What to Tell Your Doctor Before a Colonoscopy

The examination done to check the insides of the colon or the large intestine is called colonoscopy. A Colonoscopy is done to diagnose gastrointestinal conditions including colon cancer and inflammatory bowel disease. The procedure can also be done to help prevent and treat cancer of the colon.

To screen for colorectal cancer, healthcare providers are recommending routine colonoscopies for older and middle-aged adults. Aside from the large intestine, colonoscopy is also done to examine the anus and the rectum. The procedure will use a colonoscope, a flexible tube that has a lighted camera at the end.

Who Needs Colonoscopy?

Colonoscopies can be diagnostic, therapeutic, or preventive. Healthcare providers may recommend colonoscopy for routine cancer screening. This is especially recommended for those who have a higher risk of developing the condition. 

Since anyone can have colon cancer, screening is the best way to stay ahead of the condition. During the procedure, it is common for the gastroenterologist to also remove tissues that are suspicious for more testing.

Colonoscopy is typically recommended to screen for cancer. Statistically, the chances of colorectal cancer developing can go up as one gets older. As such, it is often recommended to get regular screening by the time you turn 50. 

Unfortunately, some won’t have symptoms of colon cancer until it’s too late. That said, it would be best to schedule routine colonoscopy when your statistical risk is higher. It’s always best to play it safe than to take chances.

You are considered a good candidate for colonoscopy if:

  • You are 50 years old and have not had one
  • A tissue has been removed in your last colonoscopy
  • You have a history of colon cancer in the family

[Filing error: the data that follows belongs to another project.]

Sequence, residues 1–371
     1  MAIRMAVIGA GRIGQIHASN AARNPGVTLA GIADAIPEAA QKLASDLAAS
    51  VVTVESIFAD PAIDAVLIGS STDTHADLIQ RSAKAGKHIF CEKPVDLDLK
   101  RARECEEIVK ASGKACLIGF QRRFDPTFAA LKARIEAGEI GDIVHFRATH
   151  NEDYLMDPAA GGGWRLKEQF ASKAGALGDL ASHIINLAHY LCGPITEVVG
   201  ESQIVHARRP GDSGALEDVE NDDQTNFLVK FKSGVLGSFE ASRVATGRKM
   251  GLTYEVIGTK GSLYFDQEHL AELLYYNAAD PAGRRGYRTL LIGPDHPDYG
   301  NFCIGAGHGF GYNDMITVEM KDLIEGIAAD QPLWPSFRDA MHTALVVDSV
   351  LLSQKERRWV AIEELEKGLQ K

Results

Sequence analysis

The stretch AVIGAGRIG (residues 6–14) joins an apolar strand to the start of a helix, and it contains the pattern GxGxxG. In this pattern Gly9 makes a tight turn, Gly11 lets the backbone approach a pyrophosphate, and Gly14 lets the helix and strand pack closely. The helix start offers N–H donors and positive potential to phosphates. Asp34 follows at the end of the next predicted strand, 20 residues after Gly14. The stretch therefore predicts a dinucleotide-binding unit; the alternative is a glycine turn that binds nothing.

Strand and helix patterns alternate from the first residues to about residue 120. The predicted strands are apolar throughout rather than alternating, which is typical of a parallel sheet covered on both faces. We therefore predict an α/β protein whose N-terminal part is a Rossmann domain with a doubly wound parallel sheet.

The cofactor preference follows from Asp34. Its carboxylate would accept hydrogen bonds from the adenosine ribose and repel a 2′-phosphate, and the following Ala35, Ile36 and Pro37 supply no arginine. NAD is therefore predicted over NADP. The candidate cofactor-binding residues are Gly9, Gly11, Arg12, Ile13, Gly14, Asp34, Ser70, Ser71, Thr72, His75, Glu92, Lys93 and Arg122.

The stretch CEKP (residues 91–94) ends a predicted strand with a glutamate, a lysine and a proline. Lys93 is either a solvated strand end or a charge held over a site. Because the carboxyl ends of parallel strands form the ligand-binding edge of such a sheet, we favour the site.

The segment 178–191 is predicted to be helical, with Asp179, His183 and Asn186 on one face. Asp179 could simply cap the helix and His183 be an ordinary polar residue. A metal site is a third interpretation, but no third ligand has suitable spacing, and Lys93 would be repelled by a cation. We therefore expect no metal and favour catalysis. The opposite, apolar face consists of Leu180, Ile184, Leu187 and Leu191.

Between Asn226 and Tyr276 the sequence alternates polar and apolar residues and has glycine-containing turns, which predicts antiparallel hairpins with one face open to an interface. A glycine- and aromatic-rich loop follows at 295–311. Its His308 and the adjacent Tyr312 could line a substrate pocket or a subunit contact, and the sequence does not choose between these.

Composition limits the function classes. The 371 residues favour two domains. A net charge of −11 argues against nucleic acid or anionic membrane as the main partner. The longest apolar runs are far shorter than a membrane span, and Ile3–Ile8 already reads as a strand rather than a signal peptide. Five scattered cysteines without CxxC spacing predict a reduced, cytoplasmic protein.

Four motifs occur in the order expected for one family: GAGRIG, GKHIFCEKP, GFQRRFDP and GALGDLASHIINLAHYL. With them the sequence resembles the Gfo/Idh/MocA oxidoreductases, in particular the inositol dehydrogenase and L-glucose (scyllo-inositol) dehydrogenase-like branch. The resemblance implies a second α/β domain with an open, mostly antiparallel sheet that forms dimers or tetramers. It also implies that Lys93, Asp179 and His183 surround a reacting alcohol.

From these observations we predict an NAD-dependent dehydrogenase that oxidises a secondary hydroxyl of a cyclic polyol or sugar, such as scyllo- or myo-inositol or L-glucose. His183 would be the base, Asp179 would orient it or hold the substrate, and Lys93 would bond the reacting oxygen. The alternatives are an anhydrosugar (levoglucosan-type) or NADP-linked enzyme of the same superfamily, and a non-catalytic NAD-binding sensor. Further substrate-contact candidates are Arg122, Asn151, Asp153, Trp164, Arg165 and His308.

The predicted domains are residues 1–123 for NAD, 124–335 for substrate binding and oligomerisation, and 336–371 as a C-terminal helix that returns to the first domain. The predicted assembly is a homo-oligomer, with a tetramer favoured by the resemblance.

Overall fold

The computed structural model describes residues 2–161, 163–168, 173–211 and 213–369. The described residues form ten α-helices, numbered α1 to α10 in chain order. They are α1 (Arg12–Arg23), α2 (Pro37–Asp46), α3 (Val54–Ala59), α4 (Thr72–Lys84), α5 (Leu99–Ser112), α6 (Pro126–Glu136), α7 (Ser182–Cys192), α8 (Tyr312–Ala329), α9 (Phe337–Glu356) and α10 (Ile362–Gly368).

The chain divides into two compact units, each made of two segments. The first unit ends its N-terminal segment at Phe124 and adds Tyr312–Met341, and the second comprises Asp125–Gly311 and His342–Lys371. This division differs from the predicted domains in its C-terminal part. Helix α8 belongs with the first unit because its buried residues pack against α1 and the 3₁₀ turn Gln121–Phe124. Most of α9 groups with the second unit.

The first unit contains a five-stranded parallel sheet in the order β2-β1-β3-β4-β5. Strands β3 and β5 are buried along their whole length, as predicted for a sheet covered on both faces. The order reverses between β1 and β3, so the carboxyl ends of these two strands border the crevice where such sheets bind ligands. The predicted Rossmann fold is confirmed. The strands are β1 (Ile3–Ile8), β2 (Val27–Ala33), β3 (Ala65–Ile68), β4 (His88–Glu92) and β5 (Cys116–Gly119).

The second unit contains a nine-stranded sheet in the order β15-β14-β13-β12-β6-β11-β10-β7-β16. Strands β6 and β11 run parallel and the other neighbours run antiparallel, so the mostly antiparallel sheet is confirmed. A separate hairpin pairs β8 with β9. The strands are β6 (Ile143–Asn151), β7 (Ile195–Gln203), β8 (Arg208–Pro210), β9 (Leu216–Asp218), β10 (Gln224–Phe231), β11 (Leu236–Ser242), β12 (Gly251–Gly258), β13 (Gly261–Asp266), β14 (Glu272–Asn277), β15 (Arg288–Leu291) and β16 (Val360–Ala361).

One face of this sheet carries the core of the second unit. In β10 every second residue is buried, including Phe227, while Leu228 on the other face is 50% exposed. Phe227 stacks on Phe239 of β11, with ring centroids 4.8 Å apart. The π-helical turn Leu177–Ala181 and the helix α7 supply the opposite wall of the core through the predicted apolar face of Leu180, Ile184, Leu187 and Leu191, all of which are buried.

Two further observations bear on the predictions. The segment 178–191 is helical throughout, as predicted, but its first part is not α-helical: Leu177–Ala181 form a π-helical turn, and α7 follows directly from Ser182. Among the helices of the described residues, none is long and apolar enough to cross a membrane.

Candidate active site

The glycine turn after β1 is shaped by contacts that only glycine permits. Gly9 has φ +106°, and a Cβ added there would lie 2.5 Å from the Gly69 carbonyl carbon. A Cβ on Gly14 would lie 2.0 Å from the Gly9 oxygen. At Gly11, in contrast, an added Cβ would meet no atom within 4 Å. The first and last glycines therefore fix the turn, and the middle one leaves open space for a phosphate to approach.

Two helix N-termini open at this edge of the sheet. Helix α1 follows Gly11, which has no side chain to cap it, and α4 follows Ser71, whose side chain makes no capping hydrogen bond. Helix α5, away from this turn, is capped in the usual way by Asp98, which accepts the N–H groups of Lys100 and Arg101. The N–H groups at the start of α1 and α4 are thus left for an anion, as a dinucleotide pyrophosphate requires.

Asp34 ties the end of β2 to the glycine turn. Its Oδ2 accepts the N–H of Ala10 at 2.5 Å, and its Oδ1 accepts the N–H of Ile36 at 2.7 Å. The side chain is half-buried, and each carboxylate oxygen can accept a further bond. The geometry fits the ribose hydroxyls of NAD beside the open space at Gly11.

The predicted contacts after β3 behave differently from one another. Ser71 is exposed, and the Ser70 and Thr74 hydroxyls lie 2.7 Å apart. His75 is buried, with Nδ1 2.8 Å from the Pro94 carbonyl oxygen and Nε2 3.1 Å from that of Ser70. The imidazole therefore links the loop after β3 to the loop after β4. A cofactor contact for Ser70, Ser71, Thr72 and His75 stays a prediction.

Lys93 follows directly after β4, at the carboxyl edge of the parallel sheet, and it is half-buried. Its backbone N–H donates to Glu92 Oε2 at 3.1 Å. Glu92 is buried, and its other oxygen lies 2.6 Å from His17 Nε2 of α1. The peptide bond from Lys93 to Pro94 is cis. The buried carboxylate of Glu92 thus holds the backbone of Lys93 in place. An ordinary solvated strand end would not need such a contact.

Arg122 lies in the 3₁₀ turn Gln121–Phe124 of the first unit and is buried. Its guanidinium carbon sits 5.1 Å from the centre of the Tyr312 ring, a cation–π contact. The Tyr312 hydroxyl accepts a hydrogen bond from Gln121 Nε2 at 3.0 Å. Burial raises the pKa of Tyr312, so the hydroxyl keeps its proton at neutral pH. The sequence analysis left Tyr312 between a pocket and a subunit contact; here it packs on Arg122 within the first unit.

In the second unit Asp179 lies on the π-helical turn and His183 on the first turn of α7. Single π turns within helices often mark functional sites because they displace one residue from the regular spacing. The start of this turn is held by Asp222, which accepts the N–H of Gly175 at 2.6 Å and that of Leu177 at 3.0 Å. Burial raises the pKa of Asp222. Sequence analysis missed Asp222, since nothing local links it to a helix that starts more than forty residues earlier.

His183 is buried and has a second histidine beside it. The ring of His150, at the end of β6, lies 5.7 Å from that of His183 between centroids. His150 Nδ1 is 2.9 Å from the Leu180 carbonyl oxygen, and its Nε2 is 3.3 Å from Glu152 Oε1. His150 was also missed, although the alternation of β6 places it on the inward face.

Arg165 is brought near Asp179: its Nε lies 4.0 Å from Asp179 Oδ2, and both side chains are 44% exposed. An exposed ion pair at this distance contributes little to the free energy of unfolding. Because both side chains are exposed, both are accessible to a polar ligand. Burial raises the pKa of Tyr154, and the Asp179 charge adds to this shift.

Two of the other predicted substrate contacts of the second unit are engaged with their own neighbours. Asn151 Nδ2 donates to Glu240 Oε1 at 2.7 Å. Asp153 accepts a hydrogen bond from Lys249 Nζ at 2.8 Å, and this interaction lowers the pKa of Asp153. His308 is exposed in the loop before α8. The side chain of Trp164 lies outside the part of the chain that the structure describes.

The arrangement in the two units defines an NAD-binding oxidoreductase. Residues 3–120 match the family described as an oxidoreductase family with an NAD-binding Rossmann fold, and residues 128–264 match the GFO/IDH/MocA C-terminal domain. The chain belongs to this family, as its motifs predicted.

• You have conditions that increase your risk like Lynch syndrome or familial adenomatous polyposis (FAP)
  • You have an inflammatory bowel condition

Colonoscopy might also be recommended if a patient exhibits symptoms that require a closer investigation. Understandably, a colonoscopy is considered ideal since it provides a clearer view of the large intestine compared to other imaging tests that won’t go inside the body.

Colonoscopy can help doctors confirm some suspicions and figure out what are causing the symptoms. At times, a biopsy (taking a sample tissue) might be done to make a diagnosis. Some of the most common symptoms that will require colonoscopy include the following:

  • Weight loss that is unexplained
  • In children, lack of weight gain
  • Unexplained rectal discharge or bleeding
  • Bowel habit changes that are unexplained (i.e., incontinence, diarrhea, and constipation)
  • Persistent and unexplained abdominal pain

Some of the medical conditions that colonoscopies can diagnose include:

  • Crohn’s disease
  • Ulcerative colitis
  • Ischemic colitis
  • Perforations and ulcers
  • Diverticulitis
  • Diverticulosis
  • Large bowel obstructions
  • Colorectal cancer
  • Colorectal polyps

What to Tell Your Doctor Before the Procedure?

Prior to scheduling the procedure, you need to inform your doctor about any vitamins, medications, herbal remedies, and supplements you are taking. This is very important as some medications might increase the risk of some complications arising from the procedure. 

Your doctor will give you advice on when you should stop taking those medications or supplements and how soon you should do it. For those who are taking medications that prevent blood clots, they might be advised to stop taking it prior to the procedure. Ensure you fully understand what the instructions are.

Is Colonoscopy Painful?

You won’t be able to feel any pain when you are sedated. However, it is possible that you will feel some pressure or gas pain when the device advances into the large intestine. This is because the device will blow carbon dioxide into the colon in order to inflate it. Inflating it is done to ensure better viewing.